Rather a weak theme, for these reasons: (1) the repetitive CANs become predictable, (2) some of the original words and phrases lack substance, (3) some of the clues for the new phrases are a bit tortured, to be kind, (4) it’s all right that two of the answers are based on a person’s full name, but having them appear together at the end unbalances the theme as a group.

On the other hand, a great many of the non-theme content is accompanied by typically playful and witty clues. Just a few examples:

  • 9d [Sonata quartet] TIRES, as on the Hyundai Sonata.
  • 30d [Forwent frugality] SPENT. Subtle rhyming hint.
  • 23d/51d/ 61a [Flight feature] STAIR / NEWEL / RISERS (as [Flight features]). As I’ve previously admitted more than once, I have a mental blind spot for this particular ruse, and fell for it twice, perhaps two-and-a-half times here.
  • Mildly surprised that the crossing OLD and STALE in the northwest were not also given the same clue; instead it’s [No longer amusing] and [Past its sell-by date]. But good ones nonetheless.
  • 84d [They're simple gorges] RAVINESgroan
  • 94d [Occupation of a sort] SIT-IN.

Least favorite items: the somewhat random ATE LATE [Dined at 10, say], the partials ALL I, A DIP, SUN IS (not that there aren’t others among the fill), Roman numeral CCCI. (24a, 47a, 89a, 32d, 38d)

All told, an average puzzle.

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26 Responses to Friday, October 4, 2013

  1. Bruce S says:

    Thanks for the write-up Amy. I thought the fill was on the zippy side so I am glad you enjoyed it. Don’t worry, I am not even glancing in the direction of EURE.

  2. Ethan says:

    Why wouldn’t they do STINTED/EIRE? What am I missing?

    • Gareth says:

      I for one have never heard STINT used as a verb… Subpar sevens count for more than subpar fours…

      • bob stigger says:

        Really? I hear it all the time, especially in the negative — “If money’s tight, don’t stint on food, just stop eating out.”

  3. Gareth says:

    Very easy puzzle but so incredibly packed with great answers and clues – unusual to start with a gimme at 1a: what other rock bands are named for their lead >musicians< (not singers like Bon Jovi & Alice Cooper)? Not many: Van Halen sort of; Fleetwood Mac sort of; oh and Manfred Mann. TOOSOON was my favourite answer, but if I compiled a list of great answers it’d be half the puzzle! The clues for GUMSHOE, GRAZE and TORNADO were genius, even if the last one is in somewhat bad taste…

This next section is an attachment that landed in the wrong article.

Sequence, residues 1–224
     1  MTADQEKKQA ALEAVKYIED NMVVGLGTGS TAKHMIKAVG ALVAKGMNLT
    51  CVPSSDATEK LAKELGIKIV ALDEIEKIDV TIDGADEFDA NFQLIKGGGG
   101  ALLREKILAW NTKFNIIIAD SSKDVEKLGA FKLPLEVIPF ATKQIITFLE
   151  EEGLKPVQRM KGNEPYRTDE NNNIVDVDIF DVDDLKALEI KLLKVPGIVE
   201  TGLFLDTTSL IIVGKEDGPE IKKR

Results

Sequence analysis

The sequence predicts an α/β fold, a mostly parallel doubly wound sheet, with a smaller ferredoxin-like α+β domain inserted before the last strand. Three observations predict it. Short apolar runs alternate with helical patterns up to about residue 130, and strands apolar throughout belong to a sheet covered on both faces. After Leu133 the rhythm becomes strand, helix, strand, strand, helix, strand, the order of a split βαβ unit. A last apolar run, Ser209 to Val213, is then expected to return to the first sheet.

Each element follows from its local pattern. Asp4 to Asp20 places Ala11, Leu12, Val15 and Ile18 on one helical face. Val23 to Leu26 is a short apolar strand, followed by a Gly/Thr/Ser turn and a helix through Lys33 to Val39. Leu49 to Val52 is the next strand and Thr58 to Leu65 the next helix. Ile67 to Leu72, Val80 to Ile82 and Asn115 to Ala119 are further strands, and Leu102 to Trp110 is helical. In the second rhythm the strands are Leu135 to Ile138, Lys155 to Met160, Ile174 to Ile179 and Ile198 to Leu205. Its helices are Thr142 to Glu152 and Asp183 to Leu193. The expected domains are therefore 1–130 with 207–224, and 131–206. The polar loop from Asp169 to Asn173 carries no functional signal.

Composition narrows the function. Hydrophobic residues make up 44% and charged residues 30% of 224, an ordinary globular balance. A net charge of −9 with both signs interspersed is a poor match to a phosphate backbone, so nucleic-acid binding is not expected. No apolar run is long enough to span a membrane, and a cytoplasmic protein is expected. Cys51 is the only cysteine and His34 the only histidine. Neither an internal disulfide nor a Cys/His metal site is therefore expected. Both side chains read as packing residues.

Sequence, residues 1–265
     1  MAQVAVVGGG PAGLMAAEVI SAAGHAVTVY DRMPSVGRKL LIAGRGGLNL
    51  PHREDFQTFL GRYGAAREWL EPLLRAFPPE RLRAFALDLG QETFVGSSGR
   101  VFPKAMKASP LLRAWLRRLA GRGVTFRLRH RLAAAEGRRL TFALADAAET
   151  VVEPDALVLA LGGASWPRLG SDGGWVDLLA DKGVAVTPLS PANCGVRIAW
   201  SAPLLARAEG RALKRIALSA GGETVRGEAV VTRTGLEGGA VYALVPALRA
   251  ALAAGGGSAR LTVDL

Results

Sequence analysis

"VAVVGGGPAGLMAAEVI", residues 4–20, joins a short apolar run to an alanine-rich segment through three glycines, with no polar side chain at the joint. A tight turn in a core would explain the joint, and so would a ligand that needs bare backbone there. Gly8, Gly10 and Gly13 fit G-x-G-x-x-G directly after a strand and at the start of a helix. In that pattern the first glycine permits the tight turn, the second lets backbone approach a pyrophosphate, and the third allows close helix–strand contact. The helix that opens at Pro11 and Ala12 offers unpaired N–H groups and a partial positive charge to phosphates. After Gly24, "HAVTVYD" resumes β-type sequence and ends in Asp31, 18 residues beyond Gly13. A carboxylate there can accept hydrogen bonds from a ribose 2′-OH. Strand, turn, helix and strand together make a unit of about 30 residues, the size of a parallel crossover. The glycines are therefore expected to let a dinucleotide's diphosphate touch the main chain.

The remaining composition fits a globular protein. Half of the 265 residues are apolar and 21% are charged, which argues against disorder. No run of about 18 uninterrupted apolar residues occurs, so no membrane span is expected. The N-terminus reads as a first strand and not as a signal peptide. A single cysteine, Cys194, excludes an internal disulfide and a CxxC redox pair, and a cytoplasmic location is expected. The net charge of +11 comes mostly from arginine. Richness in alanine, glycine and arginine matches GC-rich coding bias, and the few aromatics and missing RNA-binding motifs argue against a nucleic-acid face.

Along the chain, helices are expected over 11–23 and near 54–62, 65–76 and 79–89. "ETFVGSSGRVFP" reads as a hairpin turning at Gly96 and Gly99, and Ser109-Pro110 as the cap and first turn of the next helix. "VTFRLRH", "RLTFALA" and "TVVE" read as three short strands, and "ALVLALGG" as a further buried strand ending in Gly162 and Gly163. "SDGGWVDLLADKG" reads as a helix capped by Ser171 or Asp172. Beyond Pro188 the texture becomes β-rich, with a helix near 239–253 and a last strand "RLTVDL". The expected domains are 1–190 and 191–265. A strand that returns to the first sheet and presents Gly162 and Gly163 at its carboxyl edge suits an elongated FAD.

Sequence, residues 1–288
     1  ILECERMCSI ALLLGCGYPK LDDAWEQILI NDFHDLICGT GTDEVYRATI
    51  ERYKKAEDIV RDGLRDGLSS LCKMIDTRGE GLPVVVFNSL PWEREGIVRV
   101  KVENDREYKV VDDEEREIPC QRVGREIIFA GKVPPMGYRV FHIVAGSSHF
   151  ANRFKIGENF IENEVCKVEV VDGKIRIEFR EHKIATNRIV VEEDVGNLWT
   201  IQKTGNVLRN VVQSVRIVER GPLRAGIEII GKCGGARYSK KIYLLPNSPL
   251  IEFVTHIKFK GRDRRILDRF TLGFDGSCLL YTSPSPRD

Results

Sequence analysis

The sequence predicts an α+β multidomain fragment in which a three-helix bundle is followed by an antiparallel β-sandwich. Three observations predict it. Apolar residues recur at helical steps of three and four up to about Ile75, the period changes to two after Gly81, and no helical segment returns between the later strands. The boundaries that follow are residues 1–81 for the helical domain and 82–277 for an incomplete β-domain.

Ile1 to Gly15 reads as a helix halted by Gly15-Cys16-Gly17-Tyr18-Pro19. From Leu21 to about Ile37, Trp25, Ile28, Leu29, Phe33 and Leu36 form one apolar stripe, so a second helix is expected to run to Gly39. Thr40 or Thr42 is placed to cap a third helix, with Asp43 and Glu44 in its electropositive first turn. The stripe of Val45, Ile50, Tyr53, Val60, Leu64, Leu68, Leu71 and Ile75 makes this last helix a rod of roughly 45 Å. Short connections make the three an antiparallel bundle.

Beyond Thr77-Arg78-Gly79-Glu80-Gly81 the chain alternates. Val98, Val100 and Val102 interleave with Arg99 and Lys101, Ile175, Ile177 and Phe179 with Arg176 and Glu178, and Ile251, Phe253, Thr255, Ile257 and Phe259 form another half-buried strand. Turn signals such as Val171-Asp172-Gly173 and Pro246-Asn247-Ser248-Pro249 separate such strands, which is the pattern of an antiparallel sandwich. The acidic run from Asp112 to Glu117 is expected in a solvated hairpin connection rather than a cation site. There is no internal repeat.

P.S.: Frankenstein is not the MONSTER.

    • Howard B says:

      I noticed the Frankenstein misnomer in the clue while solving as well.
      You can work around it by going with the colloquial (incorrect) usage, e.g. Frankenstein mask/costume.

  4. RK says:

    LAT was great.

  5. lemonade714 says:

    Really wonderful claiming Bruce S., I also loved the symmetry of the LAT. Great Friday

  6. lemonade714 says:

    I hate auto correct. CLUING not claiming.

  7. Adam N says:

    NYT: For 1-Across, I first put BONJOVI, and then I put MADONNA because 7-Down was ALIMONY; I’ve never head of SANTANA. And also, nice job incorporating the Rock Hall of Fame into two clues (including ZZTOP).

    Also, I thought it played a lot with the X in the NE corner. Not anyone can do that without messing up the fill.

    • Brucenm says:

      WOW — When will I ever get another opportunity to give info about a rock musician? Carlos Santana. (Not his birth name, I don’t think.) Black Magic Woman — Superb guitarist and composer, one of the better musicians of 60′s and 70′s rock — fusion of many styles — Latin American, gospel, progressive rock (if that’s the right term), etc. Played with many greats (e.g. McCoy Tyner). Surrounded himself with equally good performers including another terrific guitarist whose name I can’t remember.